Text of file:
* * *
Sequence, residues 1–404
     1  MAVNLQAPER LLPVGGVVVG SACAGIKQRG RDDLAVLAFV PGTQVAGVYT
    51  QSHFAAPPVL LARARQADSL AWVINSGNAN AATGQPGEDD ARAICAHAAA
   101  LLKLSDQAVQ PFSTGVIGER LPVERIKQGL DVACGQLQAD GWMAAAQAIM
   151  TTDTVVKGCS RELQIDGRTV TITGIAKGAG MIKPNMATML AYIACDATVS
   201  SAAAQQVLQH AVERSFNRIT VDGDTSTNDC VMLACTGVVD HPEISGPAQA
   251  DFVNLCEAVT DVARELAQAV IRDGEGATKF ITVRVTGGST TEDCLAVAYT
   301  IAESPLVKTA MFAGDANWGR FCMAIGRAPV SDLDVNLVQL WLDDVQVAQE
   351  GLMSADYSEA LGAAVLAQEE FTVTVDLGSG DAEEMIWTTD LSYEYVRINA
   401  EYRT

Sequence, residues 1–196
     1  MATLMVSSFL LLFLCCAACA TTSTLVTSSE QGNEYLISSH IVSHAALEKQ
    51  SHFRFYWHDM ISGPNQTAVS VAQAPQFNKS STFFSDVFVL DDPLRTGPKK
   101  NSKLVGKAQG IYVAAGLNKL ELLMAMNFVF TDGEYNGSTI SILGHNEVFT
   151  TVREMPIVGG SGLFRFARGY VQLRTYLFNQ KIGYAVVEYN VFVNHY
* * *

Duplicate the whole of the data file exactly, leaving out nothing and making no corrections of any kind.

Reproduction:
Sequence, residues 1–404
     1  MAVNLQAPER LLPVGGVVVG SACAGIKQRG RDDLAVLAFV PGTQVAGVYT
    51  QSHFAAPPVL LARARQADSL AWVINSGNAN AATGQPGEDD ARAICAHAAA
   101  LLKLSDQAVQ PFSTGVIGER LPVERIKQGL DVACGQLQAD GWMAAAQAIM
   151  TTDTVVKGCS RELQIDGRTV TITGIAKGAG MIKPNMATML AYIACDATVS
   201  SAAAQQVLQH AVERSFNRIT VDGDTSTNDC VMLACTGVVD HPEISGPAQA
   251  DFVNLCEAVT DVARELAQAV IRDGEGATKF ITVRVTGGST TEDCLAVAYT
   301  IAESPLVKTA MFAGDANWGR FCMAIGRAPV SDLDVNLVQL WLDDVQVAQE
   351  GLMSADYSEA LGAAVLAQEE FTVTVDLGSG DAEEMIWTTD LSYEYVRINA
   401  EYRT

Sequence, residues 1–196
     1  MATLMVSSFL LLFLCCAACA TTSTLVTSSE QGNEYLISSH IVSHAALEKQ
    51  SHFRFYWHDM ISGPNQTAVS VAQAPQFNKS STFFSDVFVL DDPLRTGPKK
   101  NSKLVGKAQG IYVAAGLNKL ELLMAMNFVF TDGEYNGSTI SILGHNEVFT
   151  TVREMPIVGG SGLFRFARGY VQLRTYLFNQ KIGYAVVEYN VFVNHY